When Satoshi Tajiri created Pokémon in 1996, he wanted to capture his own childhood experience of running around the rice fields and rivers of the town he grew up in, collecting insects. ‘Places to catch insects are rare because of urbanization,’ Tajiri told Time in 1999. ‘Kids play inside their homes now, and a lot had forgotten about catching insects. So had I. When I was making games, something clicked and I decided to make a game with that concept.’ The first Pokémon games, Green Version and Red Version, take this lost, whimsical experience and amplify its significance the way only a young child’s imagination could: a young boy leaves home and walks around the entire country to become, essentially, the best bug collector in the world. The handwringing that has always followed Pokémon’s popularity to claim it is essentially cutesy cockfighting has always missed the point that it was never really about fighting at all; that was nothing but a pretence for collecting, exploring, and discovering a grand, old, pre-urbanised world that a young kid could adventure through all by themselves.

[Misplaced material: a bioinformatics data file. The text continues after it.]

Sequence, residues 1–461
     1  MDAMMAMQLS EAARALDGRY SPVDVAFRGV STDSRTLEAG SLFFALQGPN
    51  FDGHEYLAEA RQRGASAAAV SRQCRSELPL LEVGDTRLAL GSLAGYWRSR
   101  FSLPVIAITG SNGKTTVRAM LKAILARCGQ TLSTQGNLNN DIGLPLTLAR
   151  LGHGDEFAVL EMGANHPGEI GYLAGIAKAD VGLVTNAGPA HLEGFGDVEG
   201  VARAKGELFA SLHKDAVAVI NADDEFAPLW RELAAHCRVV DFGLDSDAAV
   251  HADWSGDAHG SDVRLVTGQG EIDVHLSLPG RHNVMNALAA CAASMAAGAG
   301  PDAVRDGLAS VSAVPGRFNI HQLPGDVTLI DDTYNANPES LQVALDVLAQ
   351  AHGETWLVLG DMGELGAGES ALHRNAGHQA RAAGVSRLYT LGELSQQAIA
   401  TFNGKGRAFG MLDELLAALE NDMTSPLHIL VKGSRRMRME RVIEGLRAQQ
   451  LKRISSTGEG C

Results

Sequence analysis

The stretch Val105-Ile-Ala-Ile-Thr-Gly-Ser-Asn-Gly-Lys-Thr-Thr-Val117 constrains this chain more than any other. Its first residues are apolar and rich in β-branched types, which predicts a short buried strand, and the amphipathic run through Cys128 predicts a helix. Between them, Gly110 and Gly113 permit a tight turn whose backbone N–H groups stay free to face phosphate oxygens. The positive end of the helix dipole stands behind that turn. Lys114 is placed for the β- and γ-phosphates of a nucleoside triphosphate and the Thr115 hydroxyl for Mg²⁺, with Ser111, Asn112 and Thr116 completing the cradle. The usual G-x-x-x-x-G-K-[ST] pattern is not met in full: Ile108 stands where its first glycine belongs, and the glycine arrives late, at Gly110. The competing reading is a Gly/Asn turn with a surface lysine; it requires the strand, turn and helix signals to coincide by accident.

It’s been twenty-one years since Pokémon Red and Green were released for the Nintendo GameBoy and throughout the decades, Pokémon has been meticulously marketed and tapped by Nintendo. From the very start, the only way to actually ‘catch ’em all’ in the videogame renditions was to either trade with a friend or (undoubtedly Nintendo’s preferred tactic) purchase each near-similar copy of the game. The Pokémon Trading Card Game took over school yards in the early late 1990s and 2000s. Alongside the initial release was the wildly popular anime series, itself spawning several movies. The character Pikachu has become nearly as recognisable to people under thirty-five as Mickey Mouse. For twenty years without fail, Pokémon has been a pop culture touchstone. Even if you never played the games, you probably knew Pokémon existed.